Bodegas Y Viñedos Montecastro Ribera del Duero 2004

Bodegas Y Viñedos Montecastro Ribera del Duero 2004

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"Ohhh . . . my." "Wow"! "What a nose"! "Great wine," are just a few of the panel's comments regarding the 2004 Montecastro Ribera del Duero. Indeed, this is a superb, intense Ribera del Duero and an outstanding example of just how appealing and complex Tempranillo can be from a great appellation in a classic vintage like 2004. The 2004 Montecastro is as deeply colored as any Spanish wine we have encountered. Its robe is nearly opaque and recalls the greatest examples of Cahors, "the black wine of France." Aged 17 months in small oak barrels, this hedonistic delight contains all the elegance, breed, and explosive fruit one could ask for and then sets them amid a sea of firm, ripe tannins. A testimony to low yields and fine wine making, the 2004 Montecastro is a delight to drink now, especially with a little aeration, but it will continue to improve in the bottle. In fact, it should age beautifully for many years to come. We suggest decanting this blockbuster offering at least an hour before drinking, and then allowing it to open slowly in the glass. Serve this majestic dinner party wine at cool room temperature (62°-66° F). Anticipated maturity: 2007-2018.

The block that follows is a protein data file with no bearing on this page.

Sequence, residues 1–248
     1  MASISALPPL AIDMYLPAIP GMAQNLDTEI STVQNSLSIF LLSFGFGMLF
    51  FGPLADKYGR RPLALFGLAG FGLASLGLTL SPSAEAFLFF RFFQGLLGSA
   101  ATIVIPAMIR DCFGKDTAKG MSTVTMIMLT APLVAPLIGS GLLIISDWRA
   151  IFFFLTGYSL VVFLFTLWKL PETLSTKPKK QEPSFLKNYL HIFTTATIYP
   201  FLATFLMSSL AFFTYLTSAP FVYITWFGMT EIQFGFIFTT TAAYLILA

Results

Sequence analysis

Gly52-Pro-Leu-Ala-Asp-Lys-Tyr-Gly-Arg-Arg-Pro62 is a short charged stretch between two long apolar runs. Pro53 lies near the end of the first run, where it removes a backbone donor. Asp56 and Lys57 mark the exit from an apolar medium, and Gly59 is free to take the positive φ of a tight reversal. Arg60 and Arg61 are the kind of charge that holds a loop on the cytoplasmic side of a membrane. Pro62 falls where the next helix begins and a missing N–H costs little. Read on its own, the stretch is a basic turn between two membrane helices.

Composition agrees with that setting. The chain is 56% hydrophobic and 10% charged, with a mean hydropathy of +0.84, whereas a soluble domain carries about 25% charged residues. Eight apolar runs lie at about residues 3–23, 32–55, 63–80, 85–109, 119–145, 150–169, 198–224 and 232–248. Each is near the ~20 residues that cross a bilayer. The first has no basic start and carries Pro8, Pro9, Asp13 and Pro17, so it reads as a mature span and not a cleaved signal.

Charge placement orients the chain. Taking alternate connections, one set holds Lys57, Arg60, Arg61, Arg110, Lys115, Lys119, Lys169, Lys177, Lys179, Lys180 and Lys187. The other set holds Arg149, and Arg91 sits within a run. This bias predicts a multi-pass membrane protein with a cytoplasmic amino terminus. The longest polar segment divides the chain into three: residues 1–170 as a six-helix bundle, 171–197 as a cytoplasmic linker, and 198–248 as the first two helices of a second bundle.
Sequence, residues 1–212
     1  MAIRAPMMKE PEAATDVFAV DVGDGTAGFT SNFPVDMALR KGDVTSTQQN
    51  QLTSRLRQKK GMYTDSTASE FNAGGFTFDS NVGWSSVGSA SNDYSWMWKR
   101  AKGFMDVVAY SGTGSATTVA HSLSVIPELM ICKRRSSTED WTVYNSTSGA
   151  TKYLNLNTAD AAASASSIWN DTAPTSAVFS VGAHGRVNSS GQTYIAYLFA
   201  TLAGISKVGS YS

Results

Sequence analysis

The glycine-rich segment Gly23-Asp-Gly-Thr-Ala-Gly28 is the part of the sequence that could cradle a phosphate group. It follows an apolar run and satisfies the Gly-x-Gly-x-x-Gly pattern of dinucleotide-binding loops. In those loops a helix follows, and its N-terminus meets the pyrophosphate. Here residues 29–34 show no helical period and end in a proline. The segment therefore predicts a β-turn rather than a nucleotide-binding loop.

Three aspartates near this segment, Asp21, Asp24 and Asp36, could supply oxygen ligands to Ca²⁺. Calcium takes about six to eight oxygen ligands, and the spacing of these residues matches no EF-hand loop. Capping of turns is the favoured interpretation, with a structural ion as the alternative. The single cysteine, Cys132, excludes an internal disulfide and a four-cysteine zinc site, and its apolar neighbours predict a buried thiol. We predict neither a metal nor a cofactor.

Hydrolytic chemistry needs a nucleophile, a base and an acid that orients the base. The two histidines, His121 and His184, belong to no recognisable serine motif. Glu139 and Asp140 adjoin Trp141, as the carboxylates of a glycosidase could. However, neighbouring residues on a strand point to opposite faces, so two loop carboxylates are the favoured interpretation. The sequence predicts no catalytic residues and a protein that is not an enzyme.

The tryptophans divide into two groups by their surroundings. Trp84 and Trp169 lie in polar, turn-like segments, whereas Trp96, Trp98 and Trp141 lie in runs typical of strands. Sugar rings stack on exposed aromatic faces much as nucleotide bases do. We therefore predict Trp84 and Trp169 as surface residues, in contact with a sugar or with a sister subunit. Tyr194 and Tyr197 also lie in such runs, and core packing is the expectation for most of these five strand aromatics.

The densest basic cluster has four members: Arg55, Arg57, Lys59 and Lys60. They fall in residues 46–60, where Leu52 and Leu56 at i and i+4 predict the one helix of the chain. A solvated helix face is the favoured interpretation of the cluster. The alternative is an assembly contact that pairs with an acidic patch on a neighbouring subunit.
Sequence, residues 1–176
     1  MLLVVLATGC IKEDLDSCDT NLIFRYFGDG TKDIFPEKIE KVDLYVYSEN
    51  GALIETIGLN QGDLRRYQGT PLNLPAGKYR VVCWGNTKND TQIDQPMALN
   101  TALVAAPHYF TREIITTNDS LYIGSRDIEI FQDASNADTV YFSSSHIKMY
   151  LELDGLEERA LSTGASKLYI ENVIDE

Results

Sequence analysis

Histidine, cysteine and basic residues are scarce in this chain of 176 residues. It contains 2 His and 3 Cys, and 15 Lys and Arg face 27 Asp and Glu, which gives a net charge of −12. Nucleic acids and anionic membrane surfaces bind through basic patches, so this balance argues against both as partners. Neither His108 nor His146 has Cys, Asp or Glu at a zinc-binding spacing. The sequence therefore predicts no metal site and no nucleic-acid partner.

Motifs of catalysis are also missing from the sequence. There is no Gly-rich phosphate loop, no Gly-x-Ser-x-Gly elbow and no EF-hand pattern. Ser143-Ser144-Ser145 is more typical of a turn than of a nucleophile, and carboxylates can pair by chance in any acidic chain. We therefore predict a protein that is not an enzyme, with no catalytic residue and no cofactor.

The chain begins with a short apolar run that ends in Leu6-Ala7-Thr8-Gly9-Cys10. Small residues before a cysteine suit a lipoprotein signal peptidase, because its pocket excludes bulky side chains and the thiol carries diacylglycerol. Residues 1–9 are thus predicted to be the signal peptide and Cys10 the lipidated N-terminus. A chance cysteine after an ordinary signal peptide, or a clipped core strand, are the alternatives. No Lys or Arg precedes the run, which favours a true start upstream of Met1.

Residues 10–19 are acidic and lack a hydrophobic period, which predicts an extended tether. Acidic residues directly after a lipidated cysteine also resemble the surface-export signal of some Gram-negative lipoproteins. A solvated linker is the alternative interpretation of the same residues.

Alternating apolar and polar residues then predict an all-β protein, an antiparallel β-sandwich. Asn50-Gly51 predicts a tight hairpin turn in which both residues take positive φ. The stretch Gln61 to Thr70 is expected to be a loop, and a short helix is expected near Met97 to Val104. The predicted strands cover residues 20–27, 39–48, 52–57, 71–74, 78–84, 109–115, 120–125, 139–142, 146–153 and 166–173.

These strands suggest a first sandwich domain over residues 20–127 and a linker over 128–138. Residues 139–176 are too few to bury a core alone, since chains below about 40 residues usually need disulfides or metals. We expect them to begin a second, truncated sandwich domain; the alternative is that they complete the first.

An elegant dinner party may be the only requisite for optimal enjoyment of the 2004 Montecastro Ribera del Duero. Although charming, elegant, and plenty satisfying on its own, this aristocratic red will positively shine in the company of well prepared cuisine. A Rack of Lamb, served with a savory stuffing; Filets of Beef Tenderloin, covered with an herb infused medley of mushrooms, and accompanied by pearl onions; and Spit Roasted Quail, prepared with a wild rice risotto, are just a few of the more tempting dishes we suggest with the lovely 2004 Montecastro Ribera del Duero. Chicken, veal, and pork provide additional opportunities for gastronomic pleasure with the ebullient 2004 Montecastro. A Crown Roast of Pork offers an especially pleasing match for this wine as the sweet, succulent qualities of the pork compliment the juicy, velvety underpinning of this wine with aplomb. Enjoy!